It was the sin of the Jews, when they had gotten a prey, they presently thought it was their own nets and drags that got it; and therefore (saith the prophet) “They sacrifice to their own nets, and offer incense to their drags.” Beloved, you will offer incense to your performances, as long as you go to them to be your deliverers. The deliverance from the weight of your sin; is not from the virtue of anything you do; it is the Lord alone that lays iniquity upon Christ; and, therefore; let him alone carry away the praise and glory of it; let nothing rob him of it.

In paradise the Lord made a large grant to the sons of men in Adam; “Of all the trees in the garden thou shalt eat, save only the tree of knowledge of good and evil:” he reserved that one tree to himself; and but that one; he gave him of his bounty to eat of every one besides; and yet such was his itching humor, that of all others, fain would he be meddling there, till he brought ruin on his own head. In the gospel, all our grants are large; “All are yours, and you are Christ’s, and Christ is God’s: God spared not his own Son, but gave him up to death for us all;” nay more, “I am your God, and you are my people.” He thinks not much to give his Son, nor himself, to his people; there is but one thing he keeps to himself: “My glory will I not give to another, nor my praise to graven images,” (Isa. 43:8);  all that the Lord reserves to himself; is but “the praise and glory of his own grace.” Oh! pilfer not that from God, which, when you have it, will do you no good in the world! and seeing he will have only this, do not grudge it him. It is not out of niggardliness that God keeps this to himself; for in Isaiah 42: 6, you shall find that he is bountiful enough, for all that; “I will give thee for a covenant to the people; to open the blind eyes, and to bring the prisoners out of prison:” that will do us more good; and, that he may do us goad, his own Son shall be given for a covenant; but “my glory, that shall not be given to another,” as it follows presently after. Oh! Therefore, let not your performances, be they ever so exact, aspire so high, as to usurp that glory that is due to the Lord alone!

But some will be ready to say, though our performances do not lay our iniquities upon Christ, and, therefore, ought not to have the glory of it; yet, surely, the Lord requires these duties, that he may lay our iniquities upon Christ, and so honor our services as the motives by which he is pleased to lay them upon him.

Do not mistake, beloved, performances are not only not the principal efficiencies, but they are not so much as the instruments, or means, of laying the iniquities of men upon Christ; nay, not as motives: and it is a gross mistake, (I would the truth might shine more clear, that I might undeceive men); men run away, with vain imaginations, that the renewing of faith and re­pentance is a new laying of iniquities upon Christ; or that the Lord anew lays it on him, when we renew these duties; I say, this is a gross mistake; for God doth not lay iniquity upon Christ upon the performance of them; nay, these have no stroke in it. I would fain know this one thing, Christ being now in heaven, whether he now, before the throne of his Father, actually bears the iniquities of men? Doth Christ stand as a sinner before the face of God in glory? Certainly no unclean thing shall enter into the heavenly Jerusalem; and if, upon the renewing our repentance and faith, our sins we commit are carried from us, and laid upon him in heaven, then he stands besmeared with the sins of men as in heaven, in glory. One sin is committed at this instant by the believer, another at that; and another at a third; and so, from the first moment to the end of the world, there is a continual succession of acts of sin by believers. Well, what do men do? They believe and repent; and what do these do? When men believe and repent, (you say) they lay iniquity upon Christ, and then it is upon him.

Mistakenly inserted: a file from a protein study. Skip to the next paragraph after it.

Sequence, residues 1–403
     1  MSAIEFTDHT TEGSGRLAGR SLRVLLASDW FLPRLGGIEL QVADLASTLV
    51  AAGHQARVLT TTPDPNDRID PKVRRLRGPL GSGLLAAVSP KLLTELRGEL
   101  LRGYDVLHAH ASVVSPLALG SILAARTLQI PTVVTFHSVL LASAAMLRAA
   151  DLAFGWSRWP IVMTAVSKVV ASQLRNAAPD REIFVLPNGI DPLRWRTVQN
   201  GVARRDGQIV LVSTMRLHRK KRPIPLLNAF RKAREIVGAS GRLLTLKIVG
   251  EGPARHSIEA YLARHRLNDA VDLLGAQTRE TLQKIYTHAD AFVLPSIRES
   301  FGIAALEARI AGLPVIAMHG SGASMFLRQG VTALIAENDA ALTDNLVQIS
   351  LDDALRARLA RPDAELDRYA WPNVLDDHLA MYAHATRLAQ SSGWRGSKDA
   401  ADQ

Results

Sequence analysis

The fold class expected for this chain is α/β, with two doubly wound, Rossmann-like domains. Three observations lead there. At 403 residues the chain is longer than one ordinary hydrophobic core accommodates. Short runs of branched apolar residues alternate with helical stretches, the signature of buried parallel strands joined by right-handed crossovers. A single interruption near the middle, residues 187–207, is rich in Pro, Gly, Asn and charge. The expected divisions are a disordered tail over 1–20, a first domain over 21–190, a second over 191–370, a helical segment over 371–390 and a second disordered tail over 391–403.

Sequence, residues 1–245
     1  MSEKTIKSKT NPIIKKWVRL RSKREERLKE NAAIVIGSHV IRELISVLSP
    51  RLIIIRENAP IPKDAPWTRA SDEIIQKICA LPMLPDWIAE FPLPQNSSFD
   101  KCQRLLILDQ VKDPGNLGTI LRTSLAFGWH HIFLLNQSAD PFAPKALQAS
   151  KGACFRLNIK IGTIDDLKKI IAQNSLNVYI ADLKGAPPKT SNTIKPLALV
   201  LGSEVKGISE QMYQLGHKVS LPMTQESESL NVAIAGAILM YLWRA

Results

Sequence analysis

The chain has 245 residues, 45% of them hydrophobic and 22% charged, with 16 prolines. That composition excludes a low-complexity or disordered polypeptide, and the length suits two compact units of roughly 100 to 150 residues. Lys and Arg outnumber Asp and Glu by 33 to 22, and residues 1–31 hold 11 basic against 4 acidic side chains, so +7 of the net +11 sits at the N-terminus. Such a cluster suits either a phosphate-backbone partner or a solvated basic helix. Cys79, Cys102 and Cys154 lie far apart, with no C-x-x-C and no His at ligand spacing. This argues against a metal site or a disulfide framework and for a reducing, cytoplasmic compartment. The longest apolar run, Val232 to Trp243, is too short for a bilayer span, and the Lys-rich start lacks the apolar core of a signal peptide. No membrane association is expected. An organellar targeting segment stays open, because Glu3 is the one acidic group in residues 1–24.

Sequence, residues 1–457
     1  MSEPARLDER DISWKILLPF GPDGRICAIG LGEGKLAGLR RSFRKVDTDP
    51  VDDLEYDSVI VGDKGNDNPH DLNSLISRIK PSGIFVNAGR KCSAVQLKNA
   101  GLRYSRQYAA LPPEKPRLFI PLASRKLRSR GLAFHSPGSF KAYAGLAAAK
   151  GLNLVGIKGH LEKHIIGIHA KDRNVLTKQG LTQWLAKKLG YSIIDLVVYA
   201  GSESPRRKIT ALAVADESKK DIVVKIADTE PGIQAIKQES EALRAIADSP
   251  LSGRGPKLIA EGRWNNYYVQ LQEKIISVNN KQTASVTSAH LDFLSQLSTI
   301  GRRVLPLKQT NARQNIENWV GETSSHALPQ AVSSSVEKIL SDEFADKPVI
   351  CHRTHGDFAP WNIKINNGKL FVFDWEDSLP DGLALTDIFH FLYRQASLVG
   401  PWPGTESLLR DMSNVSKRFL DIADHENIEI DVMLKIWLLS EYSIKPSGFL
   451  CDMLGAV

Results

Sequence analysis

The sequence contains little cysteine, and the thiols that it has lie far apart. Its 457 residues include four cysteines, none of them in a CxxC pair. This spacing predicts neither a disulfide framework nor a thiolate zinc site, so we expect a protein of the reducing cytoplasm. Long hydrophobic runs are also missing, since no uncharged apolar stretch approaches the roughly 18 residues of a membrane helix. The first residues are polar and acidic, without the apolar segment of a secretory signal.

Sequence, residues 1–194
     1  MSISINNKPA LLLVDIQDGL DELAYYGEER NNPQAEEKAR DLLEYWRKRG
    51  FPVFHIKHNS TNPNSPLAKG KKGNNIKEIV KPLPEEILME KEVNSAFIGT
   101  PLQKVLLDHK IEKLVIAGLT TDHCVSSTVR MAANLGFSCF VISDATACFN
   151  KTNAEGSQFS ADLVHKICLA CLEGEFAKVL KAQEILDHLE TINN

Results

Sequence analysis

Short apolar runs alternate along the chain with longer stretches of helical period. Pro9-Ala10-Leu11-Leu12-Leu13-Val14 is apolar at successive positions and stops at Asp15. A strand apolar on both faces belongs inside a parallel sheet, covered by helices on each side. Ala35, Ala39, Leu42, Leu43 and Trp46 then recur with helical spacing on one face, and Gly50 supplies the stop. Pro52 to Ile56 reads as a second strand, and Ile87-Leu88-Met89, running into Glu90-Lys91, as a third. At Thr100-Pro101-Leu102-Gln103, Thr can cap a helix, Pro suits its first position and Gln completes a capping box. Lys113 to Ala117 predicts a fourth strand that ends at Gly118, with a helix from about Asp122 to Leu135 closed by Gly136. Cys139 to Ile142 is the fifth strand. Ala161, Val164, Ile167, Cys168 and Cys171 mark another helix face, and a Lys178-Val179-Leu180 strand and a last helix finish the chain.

How can it possibly enter into the heart of any man, that he that is set down in glory with the Father, having done his work, finished transgression, and put an end to sin, by one sacrifice upon, the cross, should yet still bear the iniquities of men upon him, before him? Besides, beloved, I beseech you consider this one thing; if Christ hath iniquity laid upon him now, and hereafter; as men believe and repent, what course must he take to rid himself of it? If there be iniquity upon him, there must be a way for him to rid himself of it, and it must be taken off most certainly: but when the Lord laid iniquity upon Christ, he, by one offering, did so perfect the work, that he sits down, (saith the apostle in Heb. 10:12), “For ever at the right hand of God; and there remaineth now no more sacrifice for sin. Without shedding of blood, there is no remission.” Wherever sin is found, there must be shedding of blood, or else there is no remission: and if sin be laid upon Christ, there must be a new shedding of blood before it can be taken away.

And therefore you must consider, that this laying of sin upon Christ, is a business that God hath done long ago, and not now to be done; for the text saith not, God lays, or will lay, iniquity upon him; but hath laid it on him: therefore, saith the apostle in Hebrews 9:28, “Christ was once offered to take away the sins of many; and unto them that look for him, he shall appear the second time without sin unto salvation.” Christ himself must appear without sin, that he might have power to prevail with the Lord: it is observable, that while sin lay upon him, and he was forced to bear it, he himself was forsaken of the Father.